The Bloomberg report noted that while halted real estate projects were not unheard of “the depth of the current turmoil is unprecedented.”

The move by the State Council came a week after the city of Zhengzhou set up a property developer development fund, backed by the financial arms of the local government authority, in response to the growing home-buyer boycott movement.

The extent of the crisis was revealed in a report earlier this month in the FT that developers in some parts of China had agreed to accept garlic, as well as watermelons, barley, and wheat as down payments from farmers on new apartments.

One real estate agent in Zhengzhou, the capital of the Henan province, said that, despite home prices falling to record lows, market activity was depressed.

The Henan province was also the scene of protests on July 10 when hundreds of people protested after deposits totalling 40 billion renminbi had been frozen by four rural banks. The protests were defused when Chinese banking regulator, Liu Rong, promised that protestors who had lost money due to fraud would be reimbursed.

The issue attracted the attention of the representatives of global capital and finance. According to analysts at the US bank Citi, whose remarks were reported in the FT: “We are not worried about the rural banks in Henan per se. However, the situation could worsen if the public were to start worrying about other banks, especially some of the larger financial institutions.”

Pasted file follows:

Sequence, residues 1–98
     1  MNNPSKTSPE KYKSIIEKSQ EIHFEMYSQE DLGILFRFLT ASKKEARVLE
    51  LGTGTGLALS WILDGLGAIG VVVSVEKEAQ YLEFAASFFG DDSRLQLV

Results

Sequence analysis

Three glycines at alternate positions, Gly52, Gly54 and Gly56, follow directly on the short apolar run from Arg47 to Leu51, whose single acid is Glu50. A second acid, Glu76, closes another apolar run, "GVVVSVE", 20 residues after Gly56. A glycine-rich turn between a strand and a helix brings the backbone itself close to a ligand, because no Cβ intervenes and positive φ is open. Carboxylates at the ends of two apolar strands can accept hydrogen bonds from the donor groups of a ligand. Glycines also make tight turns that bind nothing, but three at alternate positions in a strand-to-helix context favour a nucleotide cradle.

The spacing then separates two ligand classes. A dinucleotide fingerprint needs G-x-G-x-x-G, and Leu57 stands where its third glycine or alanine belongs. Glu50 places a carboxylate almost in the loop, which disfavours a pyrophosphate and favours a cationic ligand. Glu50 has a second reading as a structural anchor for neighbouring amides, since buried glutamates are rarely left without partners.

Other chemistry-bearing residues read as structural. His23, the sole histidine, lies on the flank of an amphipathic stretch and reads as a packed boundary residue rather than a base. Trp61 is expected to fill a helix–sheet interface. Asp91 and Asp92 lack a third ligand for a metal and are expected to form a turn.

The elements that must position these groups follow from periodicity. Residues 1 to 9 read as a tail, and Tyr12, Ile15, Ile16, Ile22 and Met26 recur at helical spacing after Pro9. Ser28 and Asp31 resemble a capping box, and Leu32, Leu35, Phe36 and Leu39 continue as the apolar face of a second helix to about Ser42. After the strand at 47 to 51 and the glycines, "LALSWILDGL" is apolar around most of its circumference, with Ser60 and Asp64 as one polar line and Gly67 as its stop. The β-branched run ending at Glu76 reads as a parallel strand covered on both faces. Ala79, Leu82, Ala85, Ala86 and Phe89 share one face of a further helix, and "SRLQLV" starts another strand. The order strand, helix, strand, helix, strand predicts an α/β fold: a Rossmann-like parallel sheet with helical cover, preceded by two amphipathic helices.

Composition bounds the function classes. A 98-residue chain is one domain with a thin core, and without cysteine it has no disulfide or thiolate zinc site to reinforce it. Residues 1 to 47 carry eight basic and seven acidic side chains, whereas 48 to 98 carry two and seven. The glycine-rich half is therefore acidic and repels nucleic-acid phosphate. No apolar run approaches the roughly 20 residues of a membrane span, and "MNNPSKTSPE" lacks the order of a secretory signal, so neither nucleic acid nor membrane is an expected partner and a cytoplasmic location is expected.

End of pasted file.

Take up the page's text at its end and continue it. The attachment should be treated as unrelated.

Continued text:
The real estate crisis is having major financial effects, especially in the higher yield or junk bond market. A report by Bloomberg earlier this month said that the housing woes were hitting every corner of the real estate industry “with distress signs once again flashing in debt markets.”

Pessimism, it said, had become so entrenched that a property firm that had been the subject of a state rescue in May suffered major losses in the dollar bond market.

Bloomberg Intelligence analyst Daniel Fan said: “Investors are concerned that it’s just a matter of time for liquidity stress to spread to larger, healthier developers. If the offshore refinancing channel remains shut, the continued repaying of debt with their own cash is not a sustainable strategy and will eventually hurt cash flow.”

Meanwhile the situation at Evergrande goes from bad to worse. The company announced last Friday that its CEO Xia Haijun had been forced to resign as the result of an investigation into how 13.4 billion renminbi of deposits ($2 billion) were used as security for third parties to obtain bank loans, some of which the borrowers failed to repay.